5 Things Black Friday can teach Sunday School

I can’t believe I’m actually going to let my wife drag me to another Black Friday tomorrow. We’ve done it for several years in a row, and I tell myself to “just say no” the next year, but I never do. Now that I’ve risen early in the wee hours of the morning, fought the crowds, and have the scars to prove it, I guess I’m a Black Friday veteran.

Well, this year I have decided to send out a special Thanksgiving Day post and I’m using my Black Friday experiences to try and bridge that day of post-Thanksgiving shopping and mayhem to Sunday School. Is it a big stretch? You be the judge. Here are some things that Black Friday can teach us about Sunday School:

1. The early bird gets the worm…arrive early! You’ve seen the pictures of people camping out in front of retailers to get a special bargain price on something that’s advertised, right? This year a national retailer is promoting the Black Friday pricing of a 42″ flat screen television at $199, and people are already camping out on the sidewalks! In Sunday School ministry, the same rule applies…arrive early if you want to get a jump on the day. Set up your classroom, pray over the empty seats with a view to the people who will soon arrive for class, and review your teaching outline one final time. Never let members or guests beat you there. Get up and get going on Sunday morning!

2. You are doing it for others. Almost everyone who is out shopping at 4:00 A.M. is doing it because they have a special gift they are trying to find for someone else. As a shopper, it makes me smile when I grab a special gift for my wife, sons, or other family member or friend before it disappears from the shelf. Sunday School teachers and leaders need to remember that they teach and lead not for themselves, but for others. God is using their spiritual gifts to bless others and to strengthen His church. If you are a teacher/leader, never forget that the ministry of teaching to which you’ve been called is for God’s glory, not your own. It’s not about you…it is about others. You do what you do for Him and for them.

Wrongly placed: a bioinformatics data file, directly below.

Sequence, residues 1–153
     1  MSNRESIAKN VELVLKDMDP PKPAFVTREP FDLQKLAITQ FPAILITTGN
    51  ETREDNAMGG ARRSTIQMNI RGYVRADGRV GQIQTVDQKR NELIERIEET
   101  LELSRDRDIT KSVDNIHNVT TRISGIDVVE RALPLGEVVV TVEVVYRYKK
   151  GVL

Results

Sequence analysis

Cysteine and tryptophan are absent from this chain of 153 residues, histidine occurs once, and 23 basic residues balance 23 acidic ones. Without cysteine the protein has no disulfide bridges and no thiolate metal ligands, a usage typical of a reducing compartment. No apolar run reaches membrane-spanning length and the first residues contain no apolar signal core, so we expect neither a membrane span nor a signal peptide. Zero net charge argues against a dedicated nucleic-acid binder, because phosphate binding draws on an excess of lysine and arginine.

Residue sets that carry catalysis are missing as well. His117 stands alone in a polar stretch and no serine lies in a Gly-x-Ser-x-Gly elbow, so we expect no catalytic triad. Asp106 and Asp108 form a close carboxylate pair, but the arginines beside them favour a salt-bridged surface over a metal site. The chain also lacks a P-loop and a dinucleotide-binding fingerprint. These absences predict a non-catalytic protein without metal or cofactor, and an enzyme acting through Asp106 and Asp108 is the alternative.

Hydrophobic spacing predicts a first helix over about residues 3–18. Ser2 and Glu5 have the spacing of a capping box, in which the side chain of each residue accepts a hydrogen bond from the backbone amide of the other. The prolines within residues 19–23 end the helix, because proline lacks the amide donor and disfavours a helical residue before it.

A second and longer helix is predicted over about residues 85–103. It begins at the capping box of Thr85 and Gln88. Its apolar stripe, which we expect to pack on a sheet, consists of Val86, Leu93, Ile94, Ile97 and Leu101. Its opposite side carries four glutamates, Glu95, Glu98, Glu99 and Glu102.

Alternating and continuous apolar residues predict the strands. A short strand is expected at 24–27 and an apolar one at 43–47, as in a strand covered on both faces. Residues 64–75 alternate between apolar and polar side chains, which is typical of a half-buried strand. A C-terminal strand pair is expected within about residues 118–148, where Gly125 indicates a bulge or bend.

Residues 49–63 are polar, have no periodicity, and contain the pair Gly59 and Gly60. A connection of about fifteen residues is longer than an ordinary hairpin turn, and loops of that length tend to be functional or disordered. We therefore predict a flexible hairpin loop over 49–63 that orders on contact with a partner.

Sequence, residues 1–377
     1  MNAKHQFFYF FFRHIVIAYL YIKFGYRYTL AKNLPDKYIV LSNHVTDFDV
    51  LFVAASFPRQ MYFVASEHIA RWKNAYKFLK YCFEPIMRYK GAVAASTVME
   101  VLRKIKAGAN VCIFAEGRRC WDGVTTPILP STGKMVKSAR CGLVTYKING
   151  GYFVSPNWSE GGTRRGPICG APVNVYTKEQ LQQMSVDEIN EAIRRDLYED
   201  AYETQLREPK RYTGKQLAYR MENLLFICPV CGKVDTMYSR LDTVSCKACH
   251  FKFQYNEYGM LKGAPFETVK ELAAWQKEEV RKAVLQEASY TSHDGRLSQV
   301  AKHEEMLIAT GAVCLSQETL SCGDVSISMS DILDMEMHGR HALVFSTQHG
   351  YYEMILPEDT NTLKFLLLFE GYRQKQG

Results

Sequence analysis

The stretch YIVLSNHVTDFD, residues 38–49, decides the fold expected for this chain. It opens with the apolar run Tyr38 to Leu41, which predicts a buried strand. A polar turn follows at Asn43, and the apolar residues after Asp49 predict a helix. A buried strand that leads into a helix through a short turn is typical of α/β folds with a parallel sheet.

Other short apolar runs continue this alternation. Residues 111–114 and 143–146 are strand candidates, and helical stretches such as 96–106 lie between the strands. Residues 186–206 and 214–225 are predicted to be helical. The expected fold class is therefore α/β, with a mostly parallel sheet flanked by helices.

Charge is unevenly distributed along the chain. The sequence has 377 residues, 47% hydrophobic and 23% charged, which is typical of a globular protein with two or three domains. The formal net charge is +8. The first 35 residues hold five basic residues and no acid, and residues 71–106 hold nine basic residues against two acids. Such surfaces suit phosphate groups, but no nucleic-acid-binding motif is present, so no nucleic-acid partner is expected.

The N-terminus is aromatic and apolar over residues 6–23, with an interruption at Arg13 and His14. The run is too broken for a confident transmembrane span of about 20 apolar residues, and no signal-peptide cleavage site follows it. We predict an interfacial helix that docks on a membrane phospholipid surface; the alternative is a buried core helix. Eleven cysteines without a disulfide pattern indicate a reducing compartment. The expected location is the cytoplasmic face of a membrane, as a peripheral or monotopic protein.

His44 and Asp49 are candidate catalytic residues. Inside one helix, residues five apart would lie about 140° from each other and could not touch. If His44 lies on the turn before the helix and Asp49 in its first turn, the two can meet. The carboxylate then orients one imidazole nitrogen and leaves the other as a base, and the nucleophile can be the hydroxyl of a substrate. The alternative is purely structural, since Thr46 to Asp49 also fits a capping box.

3. You need a strategy. When my wife and I go shopping during the early morning hours this Friday, you can bet that we (really she) has a plan of attack. She will have a system for which stores we will visit first; they will be in proximity to each other, and in a descending order of importance based on the gifts she is looking for. Sunday School is no different! Teachers and leaders need a plan of attack, too. Decisions must be made about the strategy behind the types of adult classes you will offer (by age, generation, lifestyle/life stage, special interest, or materials being studied). Leaders must also strategize how to attack the work of the class…there are important tasks to be done like inreach, outreach, prayer, and fellowships; someone has to see that these are accomplished, and it must not all fall on the teacher to do.. Classes also must have a strategy for starting new classes – this is one of the most important things a class should do, but one for which most classes lack a clear strategy.

4. Crowds attract crowds. It’s amazing, but some of the retailers we will visit on Black Friday will be so packed with shoppers that you can hardly get up and down the isles. The parking lots are full of cars, and there is a vibrancy that other retailers often do not enjoy. My wife and I are amazed each year at the fact that some retailers seem to get all the people, while others are open for business yet don’t have customers! Let’s think about Sunday School: if you have a small class, it can be too small and anemic to attract new people. Have you ever noticed that you don’t usually eat at restaurants where there are no crowds? There’s a reason for that! Crowds say something to us…namely that the products or services offered by a retailer are excellent and have value. People often look for a Sunday School class that has life and vibrancy, so if your class is too small and the crowds just aren’t there, consider combining with another class that is similar to yours. Remember that crowds attract crowds. In Sunday School this is a tough balancing act…we want classes that are small enough for people to build relationships, but not so small that there is a lack of energy, vitality, and life.

5. Do your research. I can guarantee that in the heat of battle on Friday morning, there is no time for doing on-the-spot research about products -things simply move much too fast. The time for that is before we leave the house for Black Friday shopping. My wife and I will know exactly what brands and kinds of items we want…and don’t want…because we’ve done our research.  As a Sunday School teacher, the research you conduct for teaching your lesson must take place well before you get to the classroom. One reason I’m such a big fan of LifeWay’s ongoing Sunday School curriculum is that there is great commentary in the Leader Guide, but there are advanced commentaries and other teaching supplements that really load up a teacher with great teaching helps. All of the research a teacher could possibly want to do could be done with the great resources that can be purchased (at minimal prices) from LifeWay.

There you have it…5 quick things that Black Friday can teach Sunday School. I hope that your Thanksgiving is a good one, and that you’ll enjoy doing battle with me and others who venture out on Black Friday.

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